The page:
3 For example, let us consider the act of seeing: Facing you, I am aware of the wall at the back of this room. You are aware of the wall at the front of this room. This awareness is a fundamental knowing. That which we see is the object of knowing. We have different objects of visual awareness, different things we know. But because I am short-sighted, without my glasses the back of the room is a blur; for you, the front of the room may be clear. So not only are the objects of knowing different for you and I, but also the quality of knowing is different. We may be looking at the same thing - so the object of our knowing is the same - but each of us may experience a different quality of knowing. There is a wide range of qualities of knowing, from complete not-knowing - closing your eyes, you don t know the front of the room at all - to weak knowing - you are vaguely aware of it - to strong knowing - you know it like the back of your hand. The process of systematically training attention is that of cultivating ever longer periods of clearer, or stronger, awareness. Attention is the deliberate placing of awareness on its object. Normal, everyday awareness is something that happens to us; meditative awareness is something that we do. For example, we might notice a painting on the wall, and even admire it briefly. But if we knew that after thirty minutes we would have to answer questions on it in order to compete for a prize of a million dollars, then I suspect that we would be putting a lot of energy into looking carefully at that painting and distinguishing what exactly is in it, its real nature. It is that quality of effort or energy that distinguishes normal awareness from meditative awareness. Normal, everyday awareness is something that happens to us; meditative awareness is something that we deliberately do. Effort always implies choice or intention. We choose to place our awareness on a particular object - the painting - rather than another - our daydreams, or the view out the window, or checking out the other people in the room. Attention chooses a specific object to know, and then chooses to focus on it. And so, attention is the deliberate placing of awareness on its object. 3 Two wings of the bird Meditation is the systematic training of attention, and the process of developing attention can be compared to a journey where we travel from confusion to clarity, from the gross to the subtle. This journey is like the flight of a bird, and in order to fly the bird needs two wings. Just one wing, not matter how strong, is not enough. These two wings are serenity (samatha) and insight (vipassanà). Samatha means serenity or calm, and samatha meditation is meditation for the purpose of cultivating serenity or calm. Vipassanà means insight or clarity, and vipassanà meditation is meditation for the purpose of cultivating insight or clarity. All Buddhist meditation methods can be regarded as falling into one of these two categories. Of these two, vipassanà is considered by the tradition as the most important because it alone leads to awakening (bodhi) and nirvàõa. However, although they are often presented as separate and independent techniques, samatha and vipassanà are the two ends of a single continuum. All serenity meditation has an insight aspect; all insight meditation has a serenity aspect. So serenity can also mean the calming aspect of any meditation technique; and insight can mean the clarifying aspect of any meditation technique. Often the tradition talks about meditation in terms of the single activity of samatha-vipassanà (serenity-insight), because both aspects must be cultivated in a balanced way. How they are cultivated and balanced determines whether we can classify a particular method as either serenity meditation or insight meditation.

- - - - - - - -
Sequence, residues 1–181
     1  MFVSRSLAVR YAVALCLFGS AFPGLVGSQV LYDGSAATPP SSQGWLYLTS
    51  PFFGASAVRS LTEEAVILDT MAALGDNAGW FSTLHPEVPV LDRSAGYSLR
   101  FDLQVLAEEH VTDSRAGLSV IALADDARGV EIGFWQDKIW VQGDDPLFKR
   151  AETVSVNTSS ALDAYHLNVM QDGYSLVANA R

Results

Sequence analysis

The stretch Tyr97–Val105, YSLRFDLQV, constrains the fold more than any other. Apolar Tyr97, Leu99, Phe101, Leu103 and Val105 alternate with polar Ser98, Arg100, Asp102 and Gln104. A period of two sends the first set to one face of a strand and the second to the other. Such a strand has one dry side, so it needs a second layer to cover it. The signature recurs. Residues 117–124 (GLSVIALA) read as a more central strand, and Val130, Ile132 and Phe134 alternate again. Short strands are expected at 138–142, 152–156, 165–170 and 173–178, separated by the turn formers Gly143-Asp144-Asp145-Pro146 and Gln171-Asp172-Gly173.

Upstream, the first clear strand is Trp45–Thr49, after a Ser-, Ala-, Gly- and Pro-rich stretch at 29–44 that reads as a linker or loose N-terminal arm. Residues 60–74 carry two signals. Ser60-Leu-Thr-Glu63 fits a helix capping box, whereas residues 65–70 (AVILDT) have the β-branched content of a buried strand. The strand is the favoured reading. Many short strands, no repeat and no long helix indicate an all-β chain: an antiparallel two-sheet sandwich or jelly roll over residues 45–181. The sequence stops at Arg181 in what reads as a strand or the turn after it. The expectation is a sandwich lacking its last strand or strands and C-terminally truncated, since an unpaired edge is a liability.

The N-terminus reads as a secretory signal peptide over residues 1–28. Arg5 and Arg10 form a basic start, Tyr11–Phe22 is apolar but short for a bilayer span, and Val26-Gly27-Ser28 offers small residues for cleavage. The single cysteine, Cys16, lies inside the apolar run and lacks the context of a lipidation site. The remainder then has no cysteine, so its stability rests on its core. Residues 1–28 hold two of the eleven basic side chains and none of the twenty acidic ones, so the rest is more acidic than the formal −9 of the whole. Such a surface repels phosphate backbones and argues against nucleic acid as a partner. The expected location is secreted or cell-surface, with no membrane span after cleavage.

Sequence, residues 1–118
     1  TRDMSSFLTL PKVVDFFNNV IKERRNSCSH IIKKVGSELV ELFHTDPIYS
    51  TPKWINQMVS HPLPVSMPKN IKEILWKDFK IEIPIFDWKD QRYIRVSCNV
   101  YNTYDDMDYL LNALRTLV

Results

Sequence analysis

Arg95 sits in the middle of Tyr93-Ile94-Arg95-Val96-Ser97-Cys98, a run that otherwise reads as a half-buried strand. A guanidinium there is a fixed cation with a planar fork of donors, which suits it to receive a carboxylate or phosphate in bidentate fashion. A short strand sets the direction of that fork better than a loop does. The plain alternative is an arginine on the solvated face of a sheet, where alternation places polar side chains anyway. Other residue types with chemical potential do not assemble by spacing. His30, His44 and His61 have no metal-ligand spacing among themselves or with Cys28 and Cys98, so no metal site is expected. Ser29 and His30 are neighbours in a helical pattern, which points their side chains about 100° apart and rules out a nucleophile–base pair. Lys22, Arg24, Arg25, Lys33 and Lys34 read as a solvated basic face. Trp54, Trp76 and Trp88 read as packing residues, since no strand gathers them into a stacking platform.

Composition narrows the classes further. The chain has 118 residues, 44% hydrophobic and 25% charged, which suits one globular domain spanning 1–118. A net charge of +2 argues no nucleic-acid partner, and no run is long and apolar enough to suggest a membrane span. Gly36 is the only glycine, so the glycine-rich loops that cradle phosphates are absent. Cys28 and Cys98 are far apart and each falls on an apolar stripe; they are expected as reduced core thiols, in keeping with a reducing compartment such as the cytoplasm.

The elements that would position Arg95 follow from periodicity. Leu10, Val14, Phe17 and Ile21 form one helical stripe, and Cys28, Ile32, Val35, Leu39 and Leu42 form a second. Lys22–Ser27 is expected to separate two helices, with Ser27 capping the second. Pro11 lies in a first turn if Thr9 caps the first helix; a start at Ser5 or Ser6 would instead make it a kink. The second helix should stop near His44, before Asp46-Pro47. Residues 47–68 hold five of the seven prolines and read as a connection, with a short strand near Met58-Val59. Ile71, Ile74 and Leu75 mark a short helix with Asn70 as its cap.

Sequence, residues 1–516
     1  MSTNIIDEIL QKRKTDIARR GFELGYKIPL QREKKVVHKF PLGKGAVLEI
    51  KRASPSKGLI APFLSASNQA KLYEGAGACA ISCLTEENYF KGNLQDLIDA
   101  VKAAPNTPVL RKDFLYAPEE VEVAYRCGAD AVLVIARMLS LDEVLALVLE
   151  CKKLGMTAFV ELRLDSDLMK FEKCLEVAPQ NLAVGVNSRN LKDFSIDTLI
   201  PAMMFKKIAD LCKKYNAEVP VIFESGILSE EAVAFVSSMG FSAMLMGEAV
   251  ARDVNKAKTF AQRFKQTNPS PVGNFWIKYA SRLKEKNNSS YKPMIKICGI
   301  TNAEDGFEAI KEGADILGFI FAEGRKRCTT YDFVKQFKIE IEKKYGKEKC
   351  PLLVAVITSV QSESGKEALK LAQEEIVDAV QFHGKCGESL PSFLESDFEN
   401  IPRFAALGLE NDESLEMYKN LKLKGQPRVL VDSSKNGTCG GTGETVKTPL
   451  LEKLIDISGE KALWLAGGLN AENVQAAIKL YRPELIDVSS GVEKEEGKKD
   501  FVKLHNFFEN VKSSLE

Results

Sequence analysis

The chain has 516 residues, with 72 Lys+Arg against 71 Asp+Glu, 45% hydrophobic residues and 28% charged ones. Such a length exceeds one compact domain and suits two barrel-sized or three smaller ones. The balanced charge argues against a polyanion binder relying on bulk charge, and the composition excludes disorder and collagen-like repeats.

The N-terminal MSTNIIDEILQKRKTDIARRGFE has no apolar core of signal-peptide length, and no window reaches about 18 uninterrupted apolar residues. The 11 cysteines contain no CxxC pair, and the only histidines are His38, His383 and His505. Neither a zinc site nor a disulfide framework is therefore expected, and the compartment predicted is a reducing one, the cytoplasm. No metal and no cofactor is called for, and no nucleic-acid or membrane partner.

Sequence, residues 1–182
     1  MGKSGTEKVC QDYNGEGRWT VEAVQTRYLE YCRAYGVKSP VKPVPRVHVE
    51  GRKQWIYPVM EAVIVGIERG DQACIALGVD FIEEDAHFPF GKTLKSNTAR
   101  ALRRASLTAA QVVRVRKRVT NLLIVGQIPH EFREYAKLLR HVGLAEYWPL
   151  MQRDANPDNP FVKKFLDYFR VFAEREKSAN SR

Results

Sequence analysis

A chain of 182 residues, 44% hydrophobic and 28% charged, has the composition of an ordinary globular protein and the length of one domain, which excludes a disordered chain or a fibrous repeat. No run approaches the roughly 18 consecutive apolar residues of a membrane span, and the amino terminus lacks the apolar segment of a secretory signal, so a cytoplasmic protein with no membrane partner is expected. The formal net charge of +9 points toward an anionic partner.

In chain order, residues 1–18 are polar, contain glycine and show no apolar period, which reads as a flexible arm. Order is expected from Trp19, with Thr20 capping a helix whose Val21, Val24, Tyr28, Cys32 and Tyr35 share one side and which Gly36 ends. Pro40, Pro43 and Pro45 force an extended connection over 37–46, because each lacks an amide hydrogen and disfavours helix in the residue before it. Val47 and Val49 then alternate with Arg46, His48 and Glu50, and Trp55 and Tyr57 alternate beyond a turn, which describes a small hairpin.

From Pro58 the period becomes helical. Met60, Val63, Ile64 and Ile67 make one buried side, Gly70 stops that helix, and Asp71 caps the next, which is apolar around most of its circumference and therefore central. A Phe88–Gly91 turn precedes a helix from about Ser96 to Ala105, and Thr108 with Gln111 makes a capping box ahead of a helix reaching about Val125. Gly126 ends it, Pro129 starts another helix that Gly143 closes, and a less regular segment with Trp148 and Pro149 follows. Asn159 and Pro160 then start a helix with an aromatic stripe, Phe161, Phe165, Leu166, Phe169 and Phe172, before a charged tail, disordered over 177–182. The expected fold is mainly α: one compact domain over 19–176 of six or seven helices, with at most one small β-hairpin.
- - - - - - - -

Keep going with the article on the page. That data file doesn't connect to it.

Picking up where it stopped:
4 Posture Meditation is both a physical and a mental activity. We meditate with our bodies, and we need to train our bodies in order to sustain a meditation practice. The Buddha spoke of four postures of the body: walking, standing, sitting and lying down. Meditation can be practised in any of these. Usually when we think of meditation we associate it with the sitting posture. The sitting posture enables us to combine stillness with alertness, and so learning to sit is an essential aspect of meditation training. Here a meditator sits down, crosses his legs and straightens his back. This is the only record we have of the Buddha s instruction on the sitting posture. The great commentator Buddhaghosa, who wrote in the 5 th century AD, explains this as follows: [The Buddha] said sits down, indicating a posture that is peaceful and tending neither to laziness nor to restlessness. Then he said crosses his legs, to show firmness in the sitting position, easy occurrence of the in-breaths and out-breaths, and the means for discerning the object. Here, crosses his legs is the sitting position with the thighs fully locked. Straightens his back: placing the upper part of the body erect with the eighteen vertebrae resting end to end. For when he is seated like this, his skin, flesh and sinews are not twisted, and so the painful feelings that would arise moment by moment if they were twisted do not arise. That being so, his mind becomes unified, and the meditation object, instead of collapsing, attains to growth and increase. [Visuddhimagga VIII: ] Posture, in other words, is concerned with making the body stable and comfortable, balancing our energy so that there is neither too much (leading to restlessness) nor too little (leading to dullness). With the body still but awake, the mind unifies and the meditation object clarifies. This is not easy, for as we discover when we begin a meditation practice, the body is restless and painful. One thing anyone will discover when they try keep the body still for any period of time is the inherent painfulness of the body. This is why posture is so difficult - it is genuinely difficult to keep the body steady and comfortable. Usually the inherent pain of the body is hidden by habitual movement - just as the inherent pain of the mind is hidden by habitual thought. So we tend to shift about, adjusting a limb here, scratching an itch there. The difficulty of maintaining a steady and comfortable posture can be shown by this simple experiment. Adopt the most comfortable posture you can think of; the posture in which you feel most comfortable and most at ease. Now see how long you can maintain this posture without moving. As soon as you feel you must move, ask yourself Why? Why do I want to move? The answer will be that I am not comfortable, and I want to move in order to get comfortable. And if I want to move in order to get comfortable, this means I am in some degree of pain. If we want the mind to become serene, unified and concentrated, the body must be still and comfortable. This is the art of posture. So in beginning any sitting, pay attention to how the body is placed. How are you making contact with the cushion, bench or chair? Having arranged the legs, roll the pelvis forward, with the belly out and the buttocks back. Feel the back and, lifting up from the pelvis, make space between each vertebra. Lift the chest up and out, and roll the shoulders back. Tuck the chin in, so there is a slight stretch in the back of the neck. Imagine a plumb line dropping from your nose tip to your navel. Arrange the arms and hands so there is no tension in the shoulders. Imagine yourself pushing the ceiling up with the top of your head. And then rest the focus of your attention in the abdomen, from which you can spread your awareness throughout the whole body. As the sitting progresses, continue to monitor the balance of your posture, adjusting it from time to time. As you notice that you slump, straighten up; as you notice any tension developing, relax. The whole body is erect, alert, and still. 4